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Indonesia's decree on civil society: Spot on or overreach?

On Monday last week, Indonesian President Joko Widodo signed a government regulation which amends Law No. 17/2013 on Civil Society Organisations (CSO) to expedite the legal process to disband "illegal" civil society organisations. The emergency regulation was publicly announced last Wednesday by retired general Wiranto, the Coordinating Minister for Political, Legal and Security Affairs.

Perppu No. 2/2017 disbands a civil society organisation that is found to have committed a number of offences. They include advocating secession from the unitary Republic of Indonesia, committing an act which opposes Indonesia's national ideology Pancasila (Five Principles) as well as engaging in a blasphemous act against an officially recognised religious group.

The new regulation scraps the legal procedures specified in the 2013 Law on Civil Society Organisations to revoke the legal recognition of a CSO. Formerly, this was an elaborate procedure, requiring the government to issue three notices against the organisation before it may proceed to petition the lower court to issue a ruling to revoke its legal status. The CSO had the right to defend itself in the court and the right to appeal against the ruling to the Indonesian Supreme Court, which would issue the final ruling on the matter.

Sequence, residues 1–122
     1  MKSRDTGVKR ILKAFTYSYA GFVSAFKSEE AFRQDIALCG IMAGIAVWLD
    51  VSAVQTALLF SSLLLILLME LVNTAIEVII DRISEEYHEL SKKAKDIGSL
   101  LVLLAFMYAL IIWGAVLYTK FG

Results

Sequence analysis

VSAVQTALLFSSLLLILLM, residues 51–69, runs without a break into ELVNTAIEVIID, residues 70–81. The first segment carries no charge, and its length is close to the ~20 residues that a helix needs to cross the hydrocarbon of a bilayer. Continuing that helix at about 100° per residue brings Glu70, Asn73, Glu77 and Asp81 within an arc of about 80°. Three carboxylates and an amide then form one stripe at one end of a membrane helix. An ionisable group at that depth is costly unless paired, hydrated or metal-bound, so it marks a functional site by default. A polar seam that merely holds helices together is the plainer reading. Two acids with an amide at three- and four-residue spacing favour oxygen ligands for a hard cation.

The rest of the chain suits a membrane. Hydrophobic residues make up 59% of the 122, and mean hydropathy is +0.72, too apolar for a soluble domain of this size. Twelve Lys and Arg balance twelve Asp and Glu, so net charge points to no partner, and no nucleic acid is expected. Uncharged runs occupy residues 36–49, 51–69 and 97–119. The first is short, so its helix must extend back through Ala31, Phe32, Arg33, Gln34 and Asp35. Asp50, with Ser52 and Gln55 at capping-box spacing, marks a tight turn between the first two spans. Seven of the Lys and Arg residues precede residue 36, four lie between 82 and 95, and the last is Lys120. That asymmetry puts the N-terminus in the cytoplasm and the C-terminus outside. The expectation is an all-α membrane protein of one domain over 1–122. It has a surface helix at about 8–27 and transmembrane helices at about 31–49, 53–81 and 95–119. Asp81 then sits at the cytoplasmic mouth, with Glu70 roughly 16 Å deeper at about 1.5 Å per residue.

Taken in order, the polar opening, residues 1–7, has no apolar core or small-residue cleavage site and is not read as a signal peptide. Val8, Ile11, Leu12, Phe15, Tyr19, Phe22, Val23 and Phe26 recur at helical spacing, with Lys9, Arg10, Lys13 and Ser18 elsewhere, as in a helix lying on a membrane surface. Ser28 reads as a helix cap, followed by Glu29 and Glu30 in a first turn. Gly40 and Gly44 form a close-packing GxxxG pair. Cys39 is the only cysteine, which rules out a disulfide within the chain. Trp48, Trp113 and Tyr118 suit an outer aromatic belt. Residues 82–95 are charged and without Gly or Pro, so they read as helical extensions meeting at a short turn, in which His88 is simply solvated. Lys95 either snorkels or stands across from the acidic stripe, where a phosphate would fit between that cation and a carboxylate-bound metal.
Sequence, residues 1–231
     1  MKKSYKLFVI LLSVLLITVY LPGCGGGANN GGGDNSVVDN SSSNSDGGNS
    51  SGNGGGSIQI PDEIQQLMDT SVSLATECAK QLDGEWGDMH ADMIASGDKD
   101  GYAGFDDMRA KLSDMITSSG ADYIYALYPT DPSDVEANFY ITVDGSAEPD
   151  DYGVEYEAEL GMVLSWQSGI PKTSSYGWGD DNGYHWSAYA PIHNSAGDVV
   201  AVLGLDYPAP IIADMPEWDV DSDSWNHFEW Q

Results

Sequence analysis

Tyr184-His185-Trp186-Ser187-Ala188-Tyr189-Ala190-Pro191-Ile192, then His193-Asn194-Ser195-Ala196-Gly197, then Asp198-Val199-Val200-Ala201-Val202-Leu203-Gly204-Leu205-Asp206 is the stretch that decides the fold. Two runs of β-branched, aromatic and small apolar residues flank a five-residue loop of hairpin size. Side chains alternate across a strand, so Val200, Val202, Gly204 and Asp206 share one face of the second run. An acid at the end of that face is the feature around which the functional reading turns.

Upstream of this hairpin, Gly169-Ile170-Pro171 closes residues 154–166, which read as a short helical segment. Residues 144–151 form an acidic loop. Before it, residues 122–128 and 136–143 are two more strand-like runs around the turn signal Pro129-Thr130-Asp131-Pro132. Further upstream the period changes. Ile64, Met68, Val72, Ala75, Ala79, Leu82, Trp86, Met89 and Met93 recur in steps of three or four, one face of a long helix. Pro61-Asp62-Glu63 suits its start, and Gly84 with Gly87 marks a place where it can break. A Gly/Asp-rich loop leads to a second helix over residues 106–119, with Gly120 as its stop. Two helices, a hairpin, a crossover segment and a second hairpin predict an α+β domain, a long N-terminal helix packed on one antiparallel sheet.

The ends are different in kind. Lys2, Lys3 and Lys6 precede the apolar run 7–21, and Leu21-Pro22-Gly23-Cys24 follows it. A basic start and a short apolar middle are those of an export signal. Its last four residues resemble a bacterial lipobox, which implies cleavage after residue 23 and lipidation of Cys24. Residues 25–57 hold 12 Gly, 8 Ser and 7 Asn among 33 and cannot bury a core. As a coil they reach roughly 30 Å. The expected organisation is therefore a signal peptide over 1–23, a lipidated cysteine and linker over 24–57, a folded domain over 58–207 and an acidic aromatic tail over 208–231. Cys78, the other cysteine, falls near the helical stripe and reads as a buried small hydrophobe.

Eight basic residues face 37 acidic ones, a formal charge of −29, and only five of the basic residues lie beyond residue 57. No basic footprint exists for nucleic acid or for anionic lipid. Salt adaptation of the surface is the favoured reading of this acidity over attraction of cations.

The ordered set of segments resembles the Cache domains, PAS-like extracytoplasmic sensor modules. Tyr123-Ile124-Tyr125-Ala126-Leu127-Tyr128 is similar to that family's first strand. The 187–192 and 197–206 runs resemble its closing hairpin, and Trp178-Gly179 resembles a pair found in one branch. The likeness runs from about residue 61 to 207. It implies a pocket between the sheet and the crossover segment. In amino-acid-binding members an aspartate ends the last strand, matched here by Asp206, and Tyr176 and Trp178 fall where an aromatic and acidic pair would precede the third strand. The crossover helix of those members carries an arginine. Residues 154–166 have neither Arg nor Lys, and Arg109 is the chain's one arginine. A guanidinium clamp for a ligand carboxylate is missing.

Now the government has the right to revoke an organisation's legal recognition after giving it seven days' notice that it is breaking the Civil Society Law. The Ministry of Law and Human Rights then has full authority to disband the CSO without having to go to court to obtain a ruling against the organisation.

The emergency regulation is widely perceived as giving the Indonesian government an expedited authority to ban hardline Islamist groups such as Hizbut Tahrir Indonesia (HTI). It is the Indonesian affiliate of the global Hizb-ut Tahrir (Party of Liberation) movement, which advocates the establishment of a global Islamic caliphate.